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Irene
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Notarized Patent Assignment
« on: Apr 29th, 2005, 10:42am »
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Does anybody know if it is an absolute requirement to have an assigment notarized?  My understanding that it is not.  What are the pros and cons?
 
Thanks
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Jonathan
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Re: Notarized Patent Assignment
« Reply #1 on: Apr 29th, 2005, 1:17pm »
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I don't think it is a requirement but it is preferable from the assignee's viewpoint to have the assignor's signature notarized. By doing so, it leaves little doubt that the assignor actually signed the document. If it is not notarized, the assignor may perhaps have some wiggle room at a little date to say he never signed the document - this part is my own take on the situation. I would be glad to hear other's viewpoints on this.
« Last Edit: Apr 29th, 2005, 1:18pm by Jonathan » IP Logged
JimIvey
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  jamesdivey  
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Re: Notarized Patent Assignment
« Reply #2 on: Apr 29th, 2005, 1:34pm »
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Jonathan's correct.  It's not a requirement.
 
And he's correct about the benefit to the assignee -- preventing the inventor from later claiming, "That's not my signature."
 
As for cons, it's not entirely free and effortless.  You can go to Kinkos or other places (usually a local attorney who does estate law) and have them notarize documents for about $10-25 each.  A more significant cost is the time it takes to go to one of those places and the effort in getting engineers to go along for the drive.  Many larger companies will have a number of administrative assistants qualified as notaries just to make it convenient.  I don't know what that costs, but it's not free (but probably close to it).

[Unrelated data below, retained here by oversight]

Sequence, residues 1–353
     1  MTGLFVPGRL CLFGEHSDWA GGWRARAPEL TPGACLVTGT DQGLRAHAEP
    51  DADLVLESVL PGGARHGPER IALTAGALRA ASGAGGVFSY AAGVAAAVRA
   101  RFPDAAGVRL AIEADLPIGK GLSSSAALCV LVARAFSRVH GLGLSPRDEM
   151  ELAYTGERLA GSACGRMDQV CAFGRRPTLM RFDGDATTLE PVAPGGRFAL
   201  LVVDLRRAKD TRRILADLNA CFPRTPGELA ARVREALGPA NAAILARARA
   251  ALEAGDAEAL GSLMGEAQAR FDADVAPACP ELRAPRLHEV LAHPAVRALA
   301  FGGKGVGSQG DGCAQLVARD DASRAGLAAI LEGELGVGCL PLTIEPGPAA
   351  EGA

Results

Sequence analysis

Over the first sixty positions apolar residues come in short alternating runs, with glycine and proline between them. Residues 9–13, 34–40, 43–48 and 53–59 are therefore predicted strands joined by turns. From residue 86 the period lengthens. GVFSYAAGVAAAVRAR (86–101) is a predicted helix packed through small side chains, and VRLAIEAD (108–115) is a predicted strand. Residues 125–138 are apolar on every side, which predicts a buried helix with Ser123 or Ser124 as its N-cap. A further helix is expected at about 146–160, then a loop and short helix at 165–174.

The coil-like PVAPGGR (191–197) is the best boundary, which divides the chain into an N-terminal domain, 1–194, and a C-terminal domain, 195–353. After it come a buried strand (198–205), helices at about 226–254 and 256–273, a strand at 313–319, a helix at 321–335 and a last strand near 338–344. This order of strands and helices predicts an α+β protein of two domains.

Aside from the few bucks and the minor inconvenience, there's no significant downside to having documents notarized.
 
Regards.
« Last Edit: Apr 29th, 2005, 1:35pm by JimIvey » IP Logged

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James D. Ivey
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Irene
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Re: Notarized Patent Assignment
« Reply #3 on: Apr 29th, 2005, 1:49pm »
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Here is the USPTO language:  
 
The United States Patent and Trademark Office will accept and record only an original, or a true copy of an original assignment or other document. See MPEP 317.
 
Certification shall be made by the person submitting a copy of an original document that the document submitted is a true copy of the original. The certification is not required to be in oath or declaration form.
 
Here is my past experience:
However, the US Assignment should be notarized if you plan to file the application in foreign countires.  Most national offices require an notarized/witnessed true copy of the Assignment.  In some cases we submit a copy of the Assignment and along with it we submit a notarized statement that the copy of the Assignment is a true copy of the original.  My suggestion: get it notarized.  Also, for litigation purposes you would want to have a notarized copy for the reasons described above by other users.  
 
Patent Department Manager
 
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IreneK
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Re: Notarized Patent Assignment
« Reply #4 on: Apr 29th, 2005, 1:57pm »
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Thank you all again.
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Irene
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